Today, the whole thing is much more difficult as there is a different attitude about technical perfection, musical prudence and people management skills that don't get taught or quantified. Many +50 year old professionals in german orchestras say very openly that they would probably not win an audition in their orchestra if they had to. The experience so critical to everything really working out also does not have a "score".

    I think that it should be VERY clear to any and all thinking about the trumpet for a living that the odds have not improved compared to previous decades, centuries. It is a mix of skills that makes that unique player sparkle. It isn't just playing.

     
  3. Comeback

    Comeback Forte User

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    I teach business planning, among other things, Ivan. A good business plan includes contingency planning for when things go south. Likewise so should an individual's professional plan IMHO.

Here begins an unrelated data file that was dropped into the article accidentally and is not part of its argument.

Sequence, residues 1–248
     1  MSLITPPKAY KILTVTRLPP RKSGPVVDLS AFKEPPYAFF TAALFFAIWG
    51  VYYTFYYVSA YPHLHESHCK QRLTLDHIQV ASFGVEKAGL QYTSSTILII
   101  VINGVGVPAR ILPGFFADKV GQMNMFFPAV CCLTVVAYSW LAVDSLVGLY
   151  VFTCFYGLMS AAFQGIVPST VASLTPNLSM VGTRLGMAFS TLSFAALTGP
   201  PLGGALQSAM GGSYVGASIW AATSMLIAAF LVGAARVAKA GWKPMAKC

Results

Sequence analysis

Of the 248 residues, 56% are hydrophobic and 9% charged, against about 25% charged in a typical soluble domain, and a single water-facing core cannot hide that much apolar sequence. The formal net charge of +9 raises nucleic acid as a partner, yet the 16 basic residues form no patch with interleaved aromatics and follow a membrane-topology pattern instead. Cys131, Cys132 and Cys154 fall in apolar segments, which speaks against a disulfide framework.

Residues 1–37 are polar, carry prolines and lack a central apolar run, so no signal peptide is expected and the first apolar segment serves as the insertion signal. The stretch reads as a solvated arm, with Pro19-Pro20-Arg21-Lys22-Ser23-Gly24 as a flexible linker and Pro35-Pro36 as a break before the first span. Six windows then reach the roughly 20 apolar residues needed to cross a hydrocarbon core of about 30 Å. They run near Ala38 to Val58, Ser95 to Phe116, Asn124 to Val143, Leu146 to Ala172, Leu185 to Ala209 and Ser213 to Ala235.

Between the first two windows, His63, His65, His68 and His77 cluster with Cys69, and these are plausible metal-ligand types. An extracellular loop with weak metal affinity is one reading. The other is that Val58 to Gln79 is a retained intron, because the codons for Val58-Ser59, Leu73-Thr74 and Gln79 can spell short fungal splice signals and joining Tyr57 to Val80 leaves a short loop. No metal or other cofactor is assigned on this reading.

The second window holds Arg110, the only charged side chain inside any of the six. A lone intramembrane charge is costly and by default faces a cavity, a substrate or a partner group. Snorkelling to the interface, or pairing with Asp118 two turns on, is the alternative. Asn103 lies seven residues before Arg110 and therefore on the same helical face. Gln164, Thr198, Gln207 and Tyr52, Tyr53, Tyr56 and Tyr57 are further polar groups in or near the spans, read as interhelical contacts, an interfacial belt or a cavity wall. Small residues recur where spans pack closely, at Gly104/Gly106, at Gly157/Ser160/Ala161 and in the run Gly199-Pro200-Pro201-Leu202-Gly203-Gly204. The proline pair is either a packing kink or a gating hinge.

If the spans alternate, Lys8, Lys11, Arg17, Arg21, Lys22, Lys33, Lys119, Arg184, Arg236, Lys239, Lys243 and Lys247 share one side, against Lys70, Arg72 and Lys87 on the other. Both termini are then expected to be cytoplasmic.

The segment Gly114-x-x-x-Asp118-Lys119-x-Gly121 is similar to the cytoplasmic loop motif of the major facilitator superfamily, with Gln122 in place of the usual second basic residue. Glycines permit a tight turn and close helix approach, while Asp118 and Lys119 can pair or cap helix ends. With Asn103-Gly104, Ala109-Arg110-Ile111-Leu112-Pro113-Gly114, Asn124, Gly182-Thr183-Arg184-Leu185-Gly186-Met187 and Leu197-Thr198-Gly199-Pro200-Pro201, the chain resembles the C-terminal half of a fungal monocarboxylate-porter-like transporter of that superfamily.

Jim
     
  4. mgcoleman

    mgcoleman Mezzo Forte User

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    I would like to break that question into pieces:
    - Performance majors are probably the least prepared by colleges/universities for life after music. As for switching to education, a performance major would have to go back to school in my state for the mandatory education classes to get their teaching license.
    - Music education majors are, at least in my state, decently prepared (mandatory student teaching helps) and the beginning pay is enough to live on. They can also bide some time working as a substitute teacher.